• The U.S. already has the IRGC under its Specially Designated Nationals List, but American policymakers can go further by pressuring the EU to shut down IRGC companies in Europe.
  • As Claudia Rosett and Emanuele Ottolenghi argued in The Wall Street Journal on December 1, “If the EU is serious about sanctions, it must stop pinpoint measures and target the IRGC's entire commercial empire.”25

Use Iran’s disregard for global diplomatic norms to further isolate the regime. Iran’s brazen plot to murder the Saudi Ambassador to the U.S.,26 as well as the recent attack on the British Embassy by a state-supported mob,27 indicate Iran’s willingness to sweep aside long-standing diplomatic standards for short-term gain. Even countries willing to turn a blind eye to Iran’s nuclear activities could be motivated to act against Tehran because they know Iran might attack and assassinate their diplomatic corps in order to send a political message.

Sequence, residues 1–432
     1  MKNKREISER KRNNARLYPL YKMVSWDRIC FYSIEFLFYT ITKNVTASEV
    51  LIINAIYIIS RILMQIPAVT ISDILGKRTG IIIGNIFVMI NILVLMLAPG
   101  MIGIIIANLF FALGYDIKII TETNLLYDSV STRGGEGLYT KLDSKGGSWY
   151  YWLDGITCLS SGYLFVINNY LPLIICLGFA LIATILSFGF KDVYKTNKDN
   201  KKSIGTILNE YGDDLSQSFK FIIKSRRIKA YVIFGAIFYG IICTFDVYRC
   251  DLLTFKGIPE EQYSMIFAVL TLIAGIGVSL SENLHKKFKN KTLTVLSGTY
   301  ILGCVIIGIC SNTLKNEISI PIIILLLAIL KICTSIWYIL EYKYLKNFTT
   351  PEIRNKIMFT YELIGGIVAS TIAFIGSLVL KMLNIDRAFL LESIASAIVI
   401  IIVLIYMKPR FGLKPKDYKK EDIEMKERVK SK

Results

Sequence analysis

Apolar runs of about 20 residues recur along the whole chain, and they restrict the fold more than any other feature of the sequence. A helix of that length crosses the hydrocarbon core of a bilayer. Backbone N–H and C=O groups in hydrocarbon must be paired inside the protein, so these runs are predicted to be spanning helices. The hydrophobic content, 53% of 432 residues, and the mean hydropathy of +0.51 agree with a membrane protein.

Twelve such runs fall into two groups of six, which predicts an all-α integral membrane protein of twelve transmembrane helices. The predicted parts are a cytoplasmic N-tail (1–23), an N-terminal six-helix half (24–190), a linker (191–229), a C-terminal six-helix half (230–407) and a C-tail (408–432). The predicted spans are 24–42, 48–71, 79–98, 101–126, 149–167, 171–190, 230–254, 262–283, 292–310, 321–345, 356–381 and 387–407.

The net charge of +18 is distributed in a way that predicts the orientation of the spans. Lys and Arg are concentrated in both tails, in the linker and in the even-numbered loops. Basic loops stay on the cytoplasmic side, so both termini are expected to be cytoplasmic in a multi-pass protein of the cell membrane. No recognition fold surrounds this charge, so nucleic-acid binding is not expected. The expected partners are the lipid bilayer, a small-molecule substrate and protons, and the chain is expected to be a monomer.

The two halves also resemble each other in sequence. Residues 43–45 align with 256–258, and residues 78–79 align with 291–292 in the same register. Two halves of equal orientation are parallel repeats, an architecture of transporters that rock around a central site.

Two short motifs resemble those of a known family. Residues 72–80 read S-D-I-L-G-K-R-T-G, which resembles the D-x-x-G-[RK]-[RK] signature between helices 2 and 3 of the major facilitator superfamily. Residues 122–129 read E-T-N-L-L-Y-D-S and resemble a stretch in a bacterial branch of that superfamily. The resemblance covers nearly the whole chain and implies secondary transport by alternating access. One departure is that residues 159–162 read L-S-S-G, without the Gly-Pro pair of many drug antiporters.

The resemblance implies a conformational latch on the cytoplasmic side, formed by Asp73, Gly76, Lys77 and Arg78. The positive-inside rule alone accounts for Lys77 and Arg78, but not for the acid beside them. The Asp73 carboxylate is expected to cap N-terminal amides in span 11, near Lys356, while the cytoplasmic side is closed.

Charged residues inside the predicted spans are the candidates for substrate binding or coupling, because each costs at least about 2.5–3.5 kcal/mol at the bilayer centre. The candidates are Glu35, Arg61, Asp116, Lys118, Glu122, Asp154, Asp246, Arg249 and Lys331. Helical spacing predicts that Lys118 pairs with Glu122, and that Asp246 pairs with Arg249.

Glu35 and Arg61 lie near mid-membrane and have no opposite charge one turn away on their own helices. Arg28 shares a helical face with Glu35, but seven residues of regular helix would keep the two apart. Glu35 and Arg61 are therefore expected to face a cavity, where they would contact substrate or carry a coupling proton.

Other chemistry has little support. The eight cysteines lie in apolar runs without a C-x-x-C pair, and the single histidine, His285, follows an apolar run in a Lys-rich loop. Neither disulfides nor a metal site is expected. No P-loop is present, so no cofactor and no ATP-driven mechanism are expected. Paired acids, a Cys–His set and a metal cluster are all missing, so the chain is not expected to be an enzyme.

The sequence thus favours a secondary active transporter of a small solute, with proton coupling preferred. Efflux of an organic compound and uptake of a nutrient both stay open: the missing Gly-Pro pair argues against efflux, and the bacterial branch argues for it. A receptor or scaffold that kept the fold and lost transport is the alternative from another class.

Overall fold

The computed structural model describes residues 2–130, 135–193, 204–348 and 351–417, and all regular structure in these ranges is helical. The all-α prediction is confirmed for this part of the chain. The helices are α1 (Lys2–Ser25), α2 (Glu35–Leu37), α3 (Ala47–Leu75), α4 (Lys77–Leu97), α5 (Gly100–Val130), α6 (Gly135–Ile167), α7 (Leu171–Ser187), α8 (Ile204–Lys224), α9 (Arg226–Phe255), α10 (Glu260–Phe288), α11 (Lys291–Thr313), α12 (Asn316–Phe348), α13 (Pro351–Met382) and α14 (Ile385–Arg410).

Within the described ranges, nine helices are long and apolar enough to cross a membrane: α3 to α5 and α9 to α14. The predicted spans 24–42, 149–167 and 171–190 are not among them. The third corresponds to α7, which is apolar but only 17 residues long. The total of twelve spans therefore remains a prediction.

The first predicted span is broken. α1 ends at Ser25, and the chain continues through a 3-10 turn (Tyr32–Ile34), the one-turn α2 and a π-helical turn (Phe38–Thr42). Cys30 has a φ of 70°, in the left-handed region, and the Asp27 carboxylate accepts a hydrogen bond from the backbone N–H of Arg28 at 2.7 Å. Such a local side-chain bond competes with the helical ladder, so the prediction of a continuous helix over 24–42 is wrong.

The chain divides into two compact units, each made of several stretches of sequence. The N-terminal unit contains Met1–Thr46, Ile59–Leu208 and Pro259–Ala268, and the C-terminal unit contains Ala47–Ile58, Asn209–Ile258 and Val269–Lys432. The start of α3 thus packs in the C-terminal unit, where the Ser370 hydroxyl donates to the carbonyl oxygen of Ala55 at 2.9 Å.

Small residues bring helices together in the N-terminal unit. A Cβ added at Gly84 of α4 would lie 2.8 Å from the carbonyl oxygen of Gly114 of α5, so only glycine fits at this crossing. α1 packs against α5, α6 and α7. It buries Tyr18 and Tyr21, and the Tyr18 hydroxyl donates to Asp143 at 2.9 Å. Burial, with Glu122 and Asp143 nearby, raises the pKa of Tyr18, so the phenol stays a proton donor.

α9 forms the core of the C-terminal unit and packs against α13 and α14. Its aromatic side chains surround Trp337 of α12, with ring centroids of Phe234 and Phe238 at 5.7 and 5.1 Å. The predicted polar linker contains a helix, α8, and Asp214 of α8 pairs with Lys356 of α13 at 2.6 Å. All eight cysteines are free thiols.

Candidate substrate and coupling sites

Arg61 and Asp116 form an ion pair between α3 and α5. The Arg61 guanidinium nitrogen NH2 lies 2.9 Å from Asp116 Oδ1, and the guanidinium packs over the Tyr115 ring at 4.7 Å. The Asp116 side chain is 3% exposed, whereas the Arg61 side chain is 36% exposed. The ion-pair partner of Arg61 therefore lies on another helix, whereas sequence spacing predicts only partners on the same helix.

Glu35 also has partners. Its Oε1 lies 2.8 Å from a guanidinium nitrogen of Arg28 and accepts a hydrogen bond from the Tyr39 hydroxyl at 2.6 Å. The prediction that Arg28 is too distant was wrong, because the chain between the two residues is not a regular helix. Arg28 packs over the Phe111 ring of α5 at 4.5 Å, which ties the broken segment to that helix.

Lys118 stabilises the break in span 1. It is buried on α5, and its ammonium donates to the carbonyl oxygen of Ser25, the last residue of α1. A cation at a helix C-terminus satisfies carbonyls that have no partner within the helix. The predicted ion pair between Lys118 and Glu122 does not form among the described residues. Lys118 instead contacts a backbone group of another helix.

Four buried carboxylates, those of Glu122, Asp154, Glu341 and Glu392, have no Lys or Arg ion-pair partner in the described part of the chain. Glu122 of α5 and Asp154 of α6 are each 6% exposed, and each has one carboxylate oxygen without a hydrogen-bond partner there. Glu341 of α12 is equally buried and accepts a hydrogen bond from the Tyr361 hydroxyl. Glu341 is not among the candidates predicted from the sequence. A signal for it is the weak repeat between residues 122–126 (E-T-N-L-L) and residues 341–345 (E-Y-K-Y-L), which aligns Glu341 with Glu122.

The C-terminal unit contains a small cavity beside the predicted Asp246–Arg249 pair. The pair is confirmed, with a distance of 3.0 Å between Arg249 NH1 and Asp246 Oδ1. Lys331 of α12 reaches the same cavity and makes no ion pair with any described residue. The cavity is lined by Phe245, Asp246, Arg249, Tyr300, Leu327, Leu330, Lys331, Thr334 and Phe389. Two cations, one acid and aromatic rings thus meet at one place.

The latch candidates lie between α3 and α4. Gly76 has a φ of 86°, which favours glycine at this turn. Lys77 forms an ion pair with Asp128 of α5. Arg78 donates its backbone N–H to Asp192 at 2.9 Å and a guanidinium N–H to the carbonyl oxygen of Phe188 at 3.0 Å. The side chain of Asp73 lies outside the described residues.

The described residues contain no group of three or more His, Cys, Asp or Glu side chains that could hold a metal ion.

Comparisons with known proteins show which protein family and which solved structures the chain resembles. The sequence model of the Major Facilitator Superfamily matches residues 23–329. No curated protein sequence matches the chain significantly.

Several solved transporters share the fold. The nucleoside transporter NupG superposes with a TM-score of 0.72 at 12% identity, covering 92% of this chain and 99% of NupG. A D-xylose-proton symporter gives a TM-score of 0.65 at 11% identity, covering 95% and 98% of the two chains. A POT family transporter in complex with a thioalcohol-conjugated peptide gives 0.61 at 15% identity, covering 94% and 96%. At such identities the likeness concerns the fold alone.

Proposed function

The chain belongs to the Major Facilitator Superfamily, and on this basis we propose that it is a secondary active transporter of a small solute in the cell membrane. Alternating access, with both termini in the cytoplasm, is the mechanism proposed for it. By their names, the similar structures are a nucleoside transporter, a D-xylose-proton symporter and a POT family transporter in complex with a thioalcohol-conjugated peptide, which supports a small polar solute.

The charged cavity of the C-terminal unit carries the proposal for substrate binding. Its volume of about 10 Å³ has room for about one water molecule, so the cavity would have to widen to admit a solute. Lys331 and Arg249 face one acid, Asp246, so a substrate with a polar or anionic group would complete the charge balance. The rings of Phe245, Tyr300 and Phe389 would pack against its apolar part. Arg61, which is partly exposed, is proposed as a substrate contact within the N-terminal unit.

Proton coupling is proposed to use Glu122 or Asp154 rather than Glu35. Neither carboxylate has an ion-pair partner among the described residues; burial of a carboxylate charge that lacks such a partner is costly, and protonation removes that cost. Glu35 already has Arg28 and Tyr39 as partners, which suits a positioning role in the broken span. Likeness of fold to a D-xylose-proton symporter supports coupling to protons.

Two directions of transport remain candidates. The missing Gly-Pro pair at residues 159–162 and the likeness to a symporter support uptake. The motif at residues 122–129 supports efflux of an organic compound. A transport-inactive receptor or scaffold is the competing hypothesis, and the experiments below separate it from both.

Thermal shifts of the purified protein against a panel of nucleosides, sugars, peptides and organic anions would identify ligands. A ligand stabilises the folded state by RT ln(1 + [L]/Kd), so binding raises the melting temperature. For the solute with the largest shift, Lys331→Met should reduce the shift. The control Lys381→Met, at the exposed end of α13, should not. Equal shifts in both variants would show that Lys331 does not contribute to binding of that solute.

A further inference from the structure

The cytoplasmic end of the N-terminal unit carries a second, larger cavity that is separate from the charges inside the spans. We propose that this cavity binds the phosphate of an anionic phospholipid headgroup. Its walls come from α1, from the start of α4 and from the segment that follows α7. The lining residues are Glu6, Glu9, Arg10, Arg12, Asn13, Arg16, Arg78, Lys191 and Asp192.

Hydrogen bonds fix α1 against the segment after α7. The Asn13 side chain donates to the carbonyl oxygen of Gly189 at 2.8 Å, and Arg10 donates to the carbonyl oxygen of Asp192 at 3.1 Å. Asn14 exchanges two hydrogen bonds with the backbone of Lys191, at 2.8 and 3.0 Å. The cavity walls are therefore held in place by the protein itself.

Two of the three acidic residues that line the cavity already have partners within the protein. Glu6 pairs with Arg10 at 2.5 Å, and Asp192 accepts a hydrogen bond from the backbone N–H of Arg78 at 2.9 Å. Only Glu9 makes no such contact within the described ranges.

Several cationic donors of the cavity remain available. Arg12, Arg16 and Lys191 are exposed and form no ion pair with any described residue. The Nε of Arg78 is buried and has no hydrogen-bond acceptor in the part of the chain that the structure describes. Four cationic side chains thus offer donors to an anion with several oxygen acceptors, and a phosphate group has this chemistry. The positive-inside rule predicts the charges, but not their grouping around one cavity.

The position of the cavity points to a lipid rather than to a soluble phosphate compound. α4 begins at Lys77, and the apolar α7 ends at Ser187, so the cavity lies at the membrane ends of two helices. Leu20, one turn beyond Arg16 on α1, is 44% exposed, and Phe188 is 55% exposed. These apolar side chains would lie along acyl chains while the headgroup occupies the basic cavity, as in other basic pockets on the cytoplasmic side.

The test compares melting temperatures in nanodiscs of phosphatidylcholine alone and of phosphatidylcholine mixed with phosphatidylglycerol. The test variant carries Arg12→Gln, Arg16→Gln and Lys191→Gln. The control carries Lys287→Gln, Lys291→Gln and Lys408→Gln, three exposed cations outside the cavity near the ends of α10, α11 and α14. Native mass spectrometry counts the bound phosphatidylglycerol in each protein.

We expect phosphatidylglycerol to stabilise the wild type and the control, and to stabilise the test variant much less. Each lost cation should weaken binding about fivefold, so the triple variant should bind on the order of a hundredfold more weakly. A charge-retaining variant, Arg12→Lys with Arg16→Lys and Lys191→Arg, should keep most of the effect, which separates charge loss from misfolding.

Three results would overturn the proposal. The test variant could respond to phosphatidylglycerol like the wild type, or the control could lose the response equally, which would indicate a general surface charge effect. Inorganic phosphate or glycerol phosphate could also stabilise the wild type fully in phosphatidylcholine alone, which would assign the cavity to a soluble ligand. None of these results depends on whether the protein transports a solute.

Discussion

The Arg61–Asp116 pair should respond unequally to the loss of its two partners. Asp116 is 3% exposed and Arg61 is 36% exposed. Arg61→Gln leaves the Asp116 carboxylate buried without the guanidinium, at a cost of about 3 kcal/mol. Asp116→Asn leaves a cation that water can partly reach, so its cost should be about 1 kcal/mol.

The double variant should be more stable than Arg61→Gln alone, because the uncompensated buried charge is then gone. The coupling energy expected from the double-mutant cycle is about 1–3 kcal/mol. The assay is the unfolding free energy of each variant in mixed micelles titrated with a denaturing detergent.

Presidential Candidates Should be Honest About These Efforts

No one believes the current stand-off with Iran has gone perfectly. Our relations with that volatile country have been sour and/or dangerous for more than 30 years. But if Republicans are going to make Iran the central pillar in their critique of Obama’s foreign policy, they should understand the record and offer ideas for further action. So far, the candidates have attacked with a series of broad, vague, and unsubstantiated claims that the U.S. under President Obama is not doing enough. If they have a real critique, they have a responsibility to say what they would do differently.

End Notes